Our source of life and spiritual fruit is not in ourselves; it is outside us, in Christ Jesus. We can live, and live righteous, and serve Him effectively only if we are rightly connected to Him in a faith/love relationship.
Do We see This paradigm shift in understanding? FAITH, LOVE RELATIONSHIP
Then Jesus underscored His point even more strongly by saying, “Apart from me you can do nothing” (John 15:5). This illustration of the vine and branches is no thoughtless generality or careless simile. It is absolute, stark reality. No believer can achieve anything of spiritual value independently of Christ Jesus. He also reminds us that there are some who are “in” Him who bear no fruit. But these are not, as some would suppose, true branches that just happen to be fruitless. All true branches bear fruit. Just as we know a healthy, living tree by the good fruit it produces, so do we recognize fruitless branches as having no connection to the True Vine. This is why Jesus tells us, “By their fruit you will know them” (Matthew 7:16–20). Those who do not produce good fruit are cut away and burned. (Let them die) The reference here is to apostates, (renounce a religious belief) those who profess to know Christ but whose relationship to Him is insincere. He neither called them nor elected them nor saved them nor sustains them. Eventually, the fruitless branches are identified as not belonging to the Vine and are removed for the sake of truth and the benefit of the other branches.
So, we depend on Jesus for everything, starting with our very life— “For in Him we live and move and have our being” (Acts 17:28)—and including our reconciliation with God through Him (Romans 5:10). No one can serve God effectively until he is connected with Jesus Christ by faith. Jesus is our only connection with the God who gave life and who produces in us a fruitful life of righteousness and service.
He is the Great I AM:
Here are the seven metaphorical “I am” statements found in John’s gospel:
“I am the bread of life” (John 6:35, 41, 48, 51). In this chapter, Jesus establishes a pattern that continues through John’s gospel—Jesus makes a statement about who He is, and He backs it up with something He does. In this case, Jesus states that He is the bread of life just after He had fed the 5,000 in the wilderness. At the same time, He contrasts what He can do with what Moses had done for their ancestors: “Our ancestors ate the manna in the wilderness, yet they died. But here is the bread that comes down from heaven, which anyone may eat and not die” (verses 49–50).
“I am the light of the world” (John 8:12; 9:5). This second of Jesus’ “I am” statements in John’s gospel comes right before He heals a man born blind. Jesus not only says He is the light; He proves it. Jesus’ words and actions echo Genesis 1:3, “And God said, ‘Let there be light,’ and there was light.”
“I am the door” (John 10:7 and 9, ESV). This “I am” statement stresses that no one can enter the kingdom of heaven by any other means than Christ Himself. Jesus’ words in this passage are couched in the imagery of a sheepfold. He is the one and only way to enter the fold. “Truly, truly, I say to you, he who does not enter the sheepfold by the door but climbs in by another way, that man is a thief and a robber”.
“I am the good shepherd” (John 10:11, 14). With this “I am” statement, Jesus portrays His great love and care. He is the One who willingly protects His flock even to the point of death (verses 11 and 15). When Jesus called Himself the good shepherd, He unmistakably took for Himself one of God’s titles in the Old Testament: “The Lord is my shepherd” (Psalm 23:1).
“I am the resurrection and the life” (John 11:25). Jesus made this “I am” statement immediately before raising Lazarus from the dead. Again, we see that Jesus’ teaching was not just empty talk; when He made a claim, He substantiated it with action. He holds “the keys of death and the grave” (Revelation 1:18, NLT). In raising Lazarus from the dead, Jesus showed how He can fulfill Yahweh’s promise to ancient Israel: “[God’s] dead shall live; their bodies shall rise” (Isaiah 26:19, ESV). Apart from Jesus, there is neither resurrection nor eternal life.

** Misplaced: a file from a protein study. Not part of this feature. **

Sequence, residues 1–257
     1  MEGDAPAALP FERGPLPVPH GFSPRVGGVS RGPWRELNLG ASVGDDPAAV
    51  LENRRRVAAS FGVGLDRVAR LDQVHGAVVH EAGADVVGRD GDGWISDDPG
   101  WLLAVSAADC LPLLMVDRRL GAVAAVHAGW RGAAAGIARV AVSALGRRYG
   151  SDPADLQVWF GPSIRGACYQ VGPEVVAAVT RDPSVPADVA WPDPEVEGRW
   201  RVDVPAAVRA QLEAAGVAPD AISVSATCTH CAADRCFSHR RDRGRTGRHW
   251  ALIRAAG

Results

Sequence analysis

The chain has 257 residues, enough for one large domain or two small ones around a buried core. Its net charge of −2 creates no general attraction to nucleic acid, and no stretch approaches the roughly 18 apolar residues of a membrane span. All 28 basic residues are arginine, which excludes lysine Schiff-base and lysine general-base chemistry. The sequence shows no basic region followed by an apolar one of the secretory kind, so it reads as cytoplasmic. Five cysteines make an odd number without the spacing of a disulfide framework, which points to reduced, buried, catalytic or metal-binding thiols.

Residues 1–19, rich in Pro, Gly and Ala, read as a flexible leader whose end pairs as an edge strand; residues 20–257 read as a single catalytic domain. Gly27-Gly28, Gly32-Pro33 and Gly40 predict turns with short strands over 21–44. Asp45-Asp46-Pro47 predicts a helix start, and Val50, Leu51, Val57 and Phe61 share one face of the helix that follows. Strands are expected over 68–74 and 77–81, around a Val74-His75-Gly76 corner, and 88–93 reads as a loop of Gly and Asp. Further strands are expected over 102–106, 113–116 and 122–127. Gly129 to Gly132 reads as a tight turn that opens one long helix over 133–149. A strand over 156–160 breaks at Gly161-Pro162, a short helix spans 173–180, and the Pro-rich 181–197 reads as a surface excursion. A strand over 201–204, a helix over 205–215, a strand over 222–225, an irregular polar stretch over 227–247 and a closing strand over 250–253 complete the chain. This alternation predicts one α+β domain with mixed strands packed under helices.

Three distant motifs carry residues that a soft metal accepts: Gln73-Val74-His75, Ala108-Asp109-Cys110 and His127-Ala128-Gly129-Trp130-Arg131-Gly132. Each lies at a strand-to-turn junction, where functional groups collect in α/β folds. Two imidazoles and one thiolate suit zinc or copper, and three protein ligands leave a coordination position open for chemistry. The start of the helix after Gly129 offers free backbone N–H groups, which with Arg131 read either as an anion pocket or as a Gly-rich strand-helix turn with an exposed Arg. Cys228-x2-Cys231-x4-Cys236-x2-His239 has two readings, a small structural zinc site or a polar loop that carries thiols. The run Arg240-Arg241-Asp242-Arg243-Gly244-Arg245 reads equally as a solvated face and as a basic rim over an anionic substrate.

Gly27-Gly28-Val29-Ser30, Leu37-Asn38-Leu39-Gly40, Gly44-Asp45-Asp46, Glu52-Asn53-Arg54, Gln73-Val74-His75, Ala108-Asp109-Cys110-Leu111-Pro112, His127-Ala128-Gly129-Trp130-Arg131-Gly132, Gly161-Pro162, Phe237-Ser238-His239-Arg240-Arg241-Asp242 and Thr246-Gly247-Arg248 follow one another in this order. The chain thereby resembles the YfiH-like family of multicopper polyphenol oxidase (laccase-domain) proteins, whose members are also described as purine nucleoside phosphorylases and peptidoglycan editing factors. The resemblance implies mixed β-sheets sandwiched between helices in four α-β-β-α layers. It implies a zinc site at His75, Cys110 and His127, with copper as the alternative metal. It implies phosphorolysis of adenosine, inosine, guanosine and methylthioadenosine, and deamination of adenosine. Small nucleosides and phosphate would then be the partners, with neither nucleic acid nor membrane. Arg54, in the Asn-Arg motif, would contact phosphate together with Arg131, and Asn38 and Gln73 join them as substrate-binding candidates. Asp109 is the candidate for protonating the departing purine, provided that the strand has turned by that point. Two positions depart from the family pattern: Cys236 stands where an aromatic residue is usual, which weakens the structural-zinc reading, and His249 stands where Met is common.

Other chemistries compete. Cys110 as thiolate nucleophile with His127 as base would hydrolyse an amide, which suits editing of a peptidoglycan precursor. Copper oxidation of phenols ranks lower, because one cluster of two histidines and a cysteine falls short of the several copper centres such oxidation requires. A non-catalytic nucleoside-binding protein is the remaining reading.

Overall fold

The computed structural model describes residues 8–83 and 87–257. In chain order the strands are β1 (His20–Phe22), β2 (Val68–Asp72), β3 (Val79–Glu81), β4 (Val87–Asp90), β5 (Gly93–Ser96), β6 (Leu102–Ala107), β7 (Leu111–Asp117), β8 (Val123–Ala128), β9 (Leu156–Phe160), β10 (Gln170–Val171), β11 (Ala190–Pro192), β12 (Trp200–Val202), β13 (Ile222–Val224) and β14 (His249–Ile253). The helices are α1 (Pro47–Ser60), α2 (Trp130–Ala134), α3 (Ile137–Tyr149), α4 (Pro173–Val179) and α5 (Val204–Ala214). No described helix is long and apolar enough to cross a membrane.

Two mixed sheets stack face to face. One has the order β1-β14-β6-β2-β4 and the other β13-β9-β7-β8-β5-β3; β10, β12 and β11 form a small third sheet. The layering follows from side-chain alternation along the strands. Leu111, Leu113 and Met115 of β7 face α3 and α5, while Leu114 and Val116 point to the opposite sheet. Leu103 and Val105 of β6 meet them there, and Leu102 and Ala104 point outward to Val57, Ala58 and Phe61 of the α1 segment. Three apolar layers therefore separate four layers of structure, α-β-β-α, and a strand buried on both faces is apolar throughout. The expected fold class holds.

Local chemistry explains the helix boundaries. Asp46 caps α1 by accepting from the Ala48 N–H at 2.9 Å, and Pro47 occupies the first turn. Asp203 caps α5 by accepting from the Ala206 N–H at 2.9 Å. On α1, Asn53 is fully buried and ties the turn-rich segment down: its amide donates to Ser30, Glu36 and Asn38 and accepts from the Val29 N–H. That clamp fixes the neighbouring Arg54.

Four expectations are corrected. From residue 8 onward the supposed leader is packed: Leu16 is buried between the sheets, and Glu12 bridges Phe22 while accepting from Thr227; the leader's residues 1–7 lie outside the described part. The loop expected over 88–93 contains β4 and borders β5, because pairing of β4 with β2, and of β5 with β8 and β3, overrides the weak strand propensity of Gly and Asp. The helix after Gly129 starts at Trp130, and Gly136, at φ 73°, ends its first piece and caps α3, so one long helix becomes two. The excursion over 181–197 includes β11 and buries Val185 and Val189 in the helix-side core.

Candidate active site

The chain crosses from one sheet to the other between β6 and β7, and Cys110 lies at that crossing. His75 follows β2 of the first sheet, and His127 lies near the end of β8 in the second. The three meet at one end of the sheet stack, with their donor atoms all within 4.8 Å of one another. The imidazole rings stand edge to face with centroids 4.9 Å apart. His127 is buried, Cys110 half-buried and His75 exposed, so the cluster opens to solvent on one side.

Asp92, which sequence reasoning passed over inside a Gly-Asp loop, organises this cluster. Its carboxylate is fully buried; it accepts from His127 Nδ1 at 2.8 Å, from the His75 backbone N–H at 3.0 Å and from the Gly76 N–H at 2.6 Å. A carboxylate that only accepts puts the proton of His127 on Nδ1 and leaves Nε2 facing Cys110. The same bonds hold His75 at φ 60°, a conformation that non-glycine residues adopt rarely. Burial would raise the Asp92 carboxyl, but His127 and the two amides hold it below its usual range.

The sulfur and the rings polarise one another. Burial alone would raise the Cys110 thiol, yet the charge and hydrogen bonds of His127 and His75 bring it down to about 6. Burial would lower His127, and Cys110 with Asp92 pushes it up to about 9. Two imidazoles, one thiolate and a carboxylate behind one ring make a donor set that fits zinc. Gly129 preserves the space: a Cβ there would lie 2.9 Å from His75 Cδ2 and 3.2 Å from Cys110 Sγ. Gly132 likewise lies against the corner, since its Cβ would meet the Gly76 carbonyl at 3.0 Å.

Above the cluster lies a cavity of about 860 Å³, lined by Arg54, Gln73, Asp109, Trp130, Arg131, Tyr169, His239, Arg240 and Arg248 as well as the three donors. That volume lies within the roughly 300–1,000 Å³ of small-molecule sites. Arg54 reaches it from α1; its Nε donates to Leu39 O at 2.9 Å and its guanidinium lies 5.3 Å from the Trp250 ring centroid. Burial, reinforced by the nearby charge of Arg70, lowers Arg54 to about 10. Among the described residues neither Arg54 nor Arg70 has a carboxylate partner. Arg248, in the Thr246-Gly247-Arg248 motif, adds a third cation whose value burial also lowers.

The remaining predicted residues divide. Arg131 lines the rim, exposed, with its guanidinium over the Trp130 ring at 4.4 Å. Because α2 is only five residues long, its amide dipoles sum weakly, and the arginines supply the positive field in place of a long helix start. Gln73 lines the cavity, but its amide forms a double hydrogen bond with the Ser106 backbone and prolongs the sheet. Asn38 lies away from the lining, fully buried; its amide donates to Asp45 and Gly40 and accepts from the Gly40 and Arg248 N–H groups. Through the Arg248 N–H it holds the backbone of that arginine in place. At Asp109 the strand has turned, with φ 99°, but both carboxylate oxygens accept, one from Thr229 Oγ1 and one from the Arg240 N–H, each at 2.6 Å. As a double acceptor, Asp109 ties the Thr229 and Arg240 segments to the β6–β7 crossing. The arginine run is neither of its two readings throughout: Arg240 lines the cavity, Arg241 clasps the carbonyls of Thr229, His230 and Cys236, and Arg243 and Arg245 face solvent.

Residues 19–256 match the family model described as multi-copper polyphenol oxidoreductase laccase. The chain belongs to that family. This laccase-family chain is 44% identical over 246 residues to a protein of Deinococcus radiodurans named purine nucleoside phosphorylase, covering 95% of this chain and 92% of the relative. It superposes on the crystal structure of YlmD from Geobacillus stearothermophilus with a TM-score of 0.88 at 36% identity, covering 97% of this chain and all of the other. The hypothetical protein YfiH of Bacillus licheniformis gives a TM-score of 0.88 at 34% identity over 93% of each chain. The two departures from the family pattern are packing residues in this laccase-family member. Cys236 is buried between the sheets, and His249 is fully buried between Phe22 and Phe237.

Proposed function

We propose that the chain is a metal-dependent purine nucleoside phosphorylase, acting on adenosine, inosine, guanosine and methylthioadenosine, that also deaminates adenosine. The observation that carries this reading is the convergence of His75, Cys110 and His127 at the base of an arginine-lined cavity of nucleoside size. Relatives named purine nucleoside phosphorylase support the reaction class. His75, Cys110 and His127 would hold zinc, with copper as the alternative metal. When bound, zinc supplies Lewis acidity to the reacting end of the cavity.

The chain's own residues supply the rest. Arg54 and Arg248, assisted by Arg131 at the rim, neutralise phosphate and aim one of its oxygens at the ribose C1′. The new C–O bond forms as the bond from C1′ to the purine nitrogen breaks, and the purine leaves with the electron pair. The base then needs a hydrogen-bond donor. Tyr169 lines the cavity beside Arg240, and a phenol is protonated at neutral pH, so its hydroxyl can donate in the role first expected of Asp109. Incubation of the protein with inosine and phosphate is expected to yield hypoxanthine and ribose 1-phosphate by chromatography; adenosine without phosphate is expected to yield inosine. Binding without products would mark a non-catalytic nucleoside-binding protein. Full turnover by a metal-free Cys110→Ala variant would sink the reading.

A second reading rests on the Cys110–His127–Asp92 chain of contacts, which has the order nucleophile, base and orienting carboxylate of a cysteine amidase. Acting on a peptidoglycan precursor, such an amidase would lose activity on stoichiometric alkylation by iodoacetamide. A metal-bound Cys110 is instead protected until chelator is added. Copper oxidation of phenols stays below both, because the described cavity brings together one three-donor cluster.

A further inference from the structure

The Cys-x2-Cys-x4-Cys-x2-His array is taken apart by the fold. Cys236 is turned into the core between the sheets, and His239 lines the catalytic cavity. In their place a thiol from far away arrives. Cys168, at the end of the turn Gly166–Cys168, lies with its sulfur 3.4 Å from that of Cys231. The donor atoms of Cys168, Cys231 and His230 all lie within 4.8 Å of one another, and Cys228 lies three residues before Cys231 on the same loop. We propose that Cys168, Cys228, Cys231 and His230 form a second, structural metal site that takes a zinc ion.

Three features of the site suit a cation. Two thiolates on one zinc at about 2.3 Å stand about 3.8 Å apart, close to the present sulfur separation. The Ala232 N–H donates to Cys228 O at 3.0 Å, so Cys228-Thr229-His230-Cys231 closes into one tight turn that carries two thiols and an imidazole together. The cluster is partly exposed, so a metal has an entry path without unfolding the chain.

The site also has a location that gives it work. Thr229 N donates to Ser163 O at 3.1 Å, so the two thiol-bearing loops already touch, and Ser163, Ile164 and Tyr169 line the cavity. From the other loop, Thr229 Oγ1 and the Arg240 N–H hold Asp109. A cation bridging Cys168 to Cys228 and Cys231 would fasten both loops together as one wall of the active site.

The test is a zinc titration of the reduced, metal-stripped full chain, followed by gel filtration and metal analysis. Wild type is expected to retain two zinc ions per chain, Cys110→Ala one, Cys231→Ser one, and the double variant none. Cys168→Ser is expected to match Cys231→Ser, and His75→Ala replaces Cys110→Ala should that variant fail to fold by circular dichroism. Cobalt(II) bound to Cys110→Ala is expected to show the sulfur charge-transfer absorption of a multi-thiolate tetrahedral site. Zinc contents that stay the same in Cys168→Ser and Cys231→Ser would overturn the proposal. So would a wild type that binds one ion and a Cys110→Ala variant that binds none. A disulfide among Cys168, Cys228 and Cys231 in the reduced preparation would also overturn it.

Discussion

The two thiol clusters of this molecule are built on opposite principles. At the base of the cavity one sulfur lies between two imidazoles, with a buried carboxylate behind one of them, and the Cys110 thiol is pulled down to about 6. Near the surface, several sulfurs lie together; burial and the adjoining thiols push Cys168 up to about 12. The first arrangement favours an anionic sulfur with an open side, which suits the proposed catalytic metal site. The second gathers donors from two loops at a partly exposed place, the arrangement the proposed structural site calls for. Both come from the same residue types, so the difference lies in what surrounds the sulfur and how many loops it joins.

“I am the way and the truth and the life” (John 14:6). This powerful “I am” statement of Christ’s is packed with meaning. Jesus is not merely one way among many ways to God; He is the only way. Scripture said that “The very essence of [God’s] words is truth” (Psalm 119:160, NLT), and here is Jesus proclaiming that He is the truth—confirming His identity as the Word of God (see John 1:1, 14). And Jesus alone is the source of life; He is the Creator and Sustainer of all life and the Giver of eternal life.
“I am the true vine” (John 15:1, 5). The final metaphorical “I am” statement in the Gospel of John emphasizes the sustaining power of Christ. We are the branches, and He is the vine. Just as a branch cannot bear fruit unless it is joined in vital union with the vine, only those who are joined to Christ and receive their power from Him produce fruit in the Christian life.
There are two more “I am” statements of Jesus in the Gospel of John. These are not metaphors; rather, they are declarations of God’s name, as applied by Jesus to Himself. The first instance comes as Jesus responds to a complaint by the Pharisees. “I tell you the truth,” Jesus says, “before Abraham was born, I am!” (John 8:58). The verbs Jesus uses are in stark contrast with each other: Abraham was, but I am. There is no doubt that the Jews understood Jesus’ claim to be the eternal God incarnate, because they took up stones to kill Him (verse 59).
The second instance of Jesus applying to Himself the name I AM comes in the Garden of Gethsemane. When the mob came to arrest Jesus, He asked them whom they sought. They said, “Jesus of Nazareth,” and Jesus replied, “I am he” (John 18:4–5). Then something strange happened: “When Jesus said, ‘I am he,’ they drew back and fell to the ground” (verse 6). Perhaps explaining the mob’s reaction is the fact that the word he has been provided by our English translators. Jesus simply said, “I am.” Applying God’s covenant name to Himself, Jesus demonstrated His power over His foes and showed that His surrender to them was entirely voluntary (see John 10:17–18; 19:11).
Meditate upon His word day and night and do all that is written therein.